• Results achieved
• Meets client needs
• Successful (Yes or No)
Learn more

Vendor Contact List9. Vendor Support Contacts

When you need vendor support you often need it fast. Keep your vendor contact information close by and make it available to your Help Desk and all your IT managers.  You’re going to need it. Learn more

escalation procedure - loss of connectivity10. Escalation procedure

There are events that take place when you need to escalate IT support to a higher level such as a remote office losing connectivity, a data interface goes down, or a server crash.

Developing practical escalation procedures puts you ahead of the game when these problems occur and positions your organization to be highly responsive.
Learn more

Annual IT Accomplishments11. Annual IT Accomplishments

No one knows what the IT organization is accomplishing if you don’t tell them. I was shocked when assembling data for an annual IT Kickoff. We had accomplished so much more than I realized.

Right then I knew that if I had forgotten as the manager, then my clients and senior managers wouldn’t remember either. From that point I began tracking our accomplishments so we could communicate them with all groups in the company. Learn more

Client Rescue Guide12. Client Rescue Guide

Early in my career an unhappy client intimidated me. Maybe that’s happened to you. Over the years I learned that a “problem client” is simply an opportunity in disguise.

Identify the client’s issues and address them and you have a partner instead of a headache. This template walks you through a process to do just that. Learn more

costofdowntime13. Cost of Downtime

Senior managers don’t understand technology nor want to, but you have to gain their approval to fund many technical projects that are necessary for the company.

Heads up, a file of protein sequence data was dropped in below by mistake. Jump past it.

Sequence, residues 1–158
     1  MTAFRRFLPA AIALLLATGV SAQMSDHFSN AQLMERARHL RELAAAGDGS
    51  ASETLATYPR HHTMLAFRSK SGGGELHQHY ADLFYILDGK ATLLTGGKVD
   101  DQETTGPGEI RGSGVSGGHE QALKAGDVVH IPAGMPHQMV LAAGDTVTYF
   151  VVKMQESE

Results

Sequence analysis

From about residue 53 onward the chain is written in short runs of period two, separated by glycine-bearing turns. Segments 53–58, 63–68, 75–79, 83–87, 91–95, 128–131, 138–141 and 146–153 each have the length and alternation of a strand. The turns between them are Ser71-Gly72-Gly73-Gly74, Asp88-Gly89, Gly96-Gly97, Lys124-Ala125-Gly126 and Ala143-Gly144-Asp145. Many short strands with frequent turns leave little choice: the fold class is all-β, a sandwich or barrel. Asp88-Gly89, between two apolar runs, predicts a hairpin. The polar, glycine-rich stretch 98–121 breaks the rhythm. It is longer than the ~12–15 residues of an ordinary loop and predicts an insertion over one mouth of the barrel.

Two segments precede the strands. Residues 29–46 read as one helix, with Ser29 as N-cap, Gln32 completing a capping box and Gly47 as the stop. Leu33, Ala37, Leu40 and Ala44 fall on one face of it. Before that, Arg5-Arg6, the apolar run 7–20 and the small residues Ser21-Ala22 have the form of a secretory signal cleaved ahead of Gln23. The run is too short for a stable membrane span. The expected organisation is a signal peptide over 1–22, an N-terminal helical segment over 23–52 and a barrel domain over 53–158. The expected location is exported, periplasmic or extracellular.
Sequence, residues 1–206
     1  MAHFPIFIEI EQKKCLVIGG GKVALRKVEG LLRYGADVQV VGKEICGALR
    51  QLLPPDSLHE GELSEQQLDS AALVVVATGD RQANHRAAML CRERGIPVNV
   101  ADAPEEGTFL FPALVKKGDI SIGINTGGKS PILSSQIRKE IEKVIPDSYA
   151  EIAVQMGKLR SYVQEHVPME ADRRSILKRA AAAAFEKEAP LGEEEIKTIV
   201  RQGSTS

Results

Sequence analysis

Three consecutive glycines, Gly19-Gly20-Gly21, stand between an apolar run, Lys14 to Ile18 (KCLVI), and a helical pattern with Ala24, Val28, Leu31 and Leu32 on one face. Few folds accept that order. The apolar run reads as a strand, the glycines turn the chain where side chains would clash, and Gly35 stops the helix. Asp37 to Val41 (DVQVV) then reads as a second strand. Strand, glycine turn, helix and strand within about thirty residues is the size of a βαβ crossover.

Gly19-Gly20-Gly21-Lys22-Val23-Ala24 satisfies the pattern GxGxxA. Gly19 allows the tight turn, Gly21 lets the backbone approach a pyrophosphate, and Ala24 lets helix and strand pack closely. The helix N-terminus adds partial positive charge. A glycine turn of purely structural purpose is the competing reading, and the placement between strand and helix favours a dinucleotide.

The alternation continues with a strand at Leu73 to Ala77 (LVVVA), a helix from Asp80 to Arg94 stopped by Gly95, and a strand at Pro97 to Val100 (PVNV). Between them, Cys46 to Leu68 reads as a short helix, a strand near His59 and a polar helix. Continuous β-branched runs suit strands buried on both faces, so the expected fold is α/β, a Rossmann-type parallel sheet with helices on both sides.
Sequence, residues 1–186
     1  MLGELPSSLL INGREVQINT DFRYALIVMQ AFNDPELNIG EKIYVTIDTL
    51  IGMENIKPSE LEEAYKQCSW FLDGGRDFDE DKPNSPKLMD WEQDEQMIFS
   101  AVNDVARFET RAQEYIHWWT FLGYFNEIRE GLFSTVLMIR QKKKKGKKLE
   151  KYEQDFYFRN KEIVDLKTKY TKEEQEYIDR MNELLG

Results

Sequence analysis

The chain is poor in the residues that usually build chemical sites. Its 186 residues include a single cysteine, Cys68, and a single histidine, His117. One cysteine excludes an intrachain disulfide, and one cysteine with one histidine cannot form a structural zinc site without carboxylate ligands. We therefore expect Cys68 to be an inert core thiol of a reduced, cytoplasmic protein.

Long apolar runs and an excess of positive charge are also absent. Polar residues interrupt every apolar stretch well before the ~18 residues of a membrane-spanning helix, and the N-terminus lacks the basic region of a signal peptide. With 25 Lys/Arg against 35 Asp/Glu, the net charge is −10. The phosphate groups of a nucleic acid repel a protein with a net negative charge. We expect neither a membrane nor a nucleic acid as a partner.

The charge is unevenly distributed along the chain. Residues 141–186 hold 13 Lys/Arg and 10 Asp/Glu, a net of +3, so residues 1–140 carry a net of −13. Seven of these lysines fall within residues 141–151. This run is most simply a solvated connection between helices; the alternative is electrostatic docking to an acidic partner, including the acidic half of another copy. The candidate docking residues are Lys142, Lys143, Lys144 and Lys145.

This can be especially difficult when trying to discuss infrastructure projects, , , executives don’t get “routers and switches”. A tool that can help you is to educate them on the “cost of downtime”.

This practical tool will help you quantify the downtime implications in lost productivity for any technology in your company, even down to a single PC or printer. Learn more

Budget Templates14. Budget templates

Developing an IT budget should be fairly quick work, but it is a long and tiring process for many IT managers. It was for me too until I developed a few templates to help me in the process.

This tool is actually several templates and can help streamline your IT operational and capital budgeting effort. Learn more

IT Support Survey15. IT Support Survey

At the end of the day, your client’s perspective of how well your IT organization is performing is your measurement of success. You need to be aware of how they feel about IT performance.

To do this, I use a simple survey like this tool but I don’t send it out and expect to get them completed and returned. Instead, I interview my clients and get much more information.

Use this survey form or modify it to determine client perspectives on:
• IT responsiveness
• IT focus
• IT quality
• IT professionalism
Learn more

The tools and templates above have helped me significantly, and I hope you receive value in using them.

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There are over 100 tools and templates in the IT Manager ToolKit. To learn more  click here.

IT Manager Institute #56 – Dubai, UAE

Last week’s program in Dubai was a huge success with 31 managers from 6 countries attending our 56th IT Manager Institute. I’m the ugly guy in the middle in the gray suit.

This was a super group of IT managers and executives and I enjoyed every minute with them.

21 SecretsOn the first day of class at 9:00am Dubai time, I launched a new book to my Practical IT Manager Newsletter list.  21 Secrets Every IT Manager Should MUST Know has been in development for a couple of years and it was nice to launch it during my largest class to date. Each student received a free copy. Learn more

21 Secrets Every IT Manager MUST Know

21 Secrets Every IT Manager Must KnowLast week at our 56th IT Manager Institute in Dubai I announced my new book.

21 Secrets Every IT Manager Should MUST Know

Secret #8, Teamwork is not automatic in IT was posted the other day that will give you a glimpse into the book.


IT managers tend to discount or pay little attention to these “secrets”, , , something that can create real challenges for you and your IT organization.

21 Secrets has been in development for some time. I wanted to write this one because there are many issues that can hinder your IT success, , , even undermine your credibility. Becoming aware of these “land mines” can make a positive difference in your success.

You may purchase the book at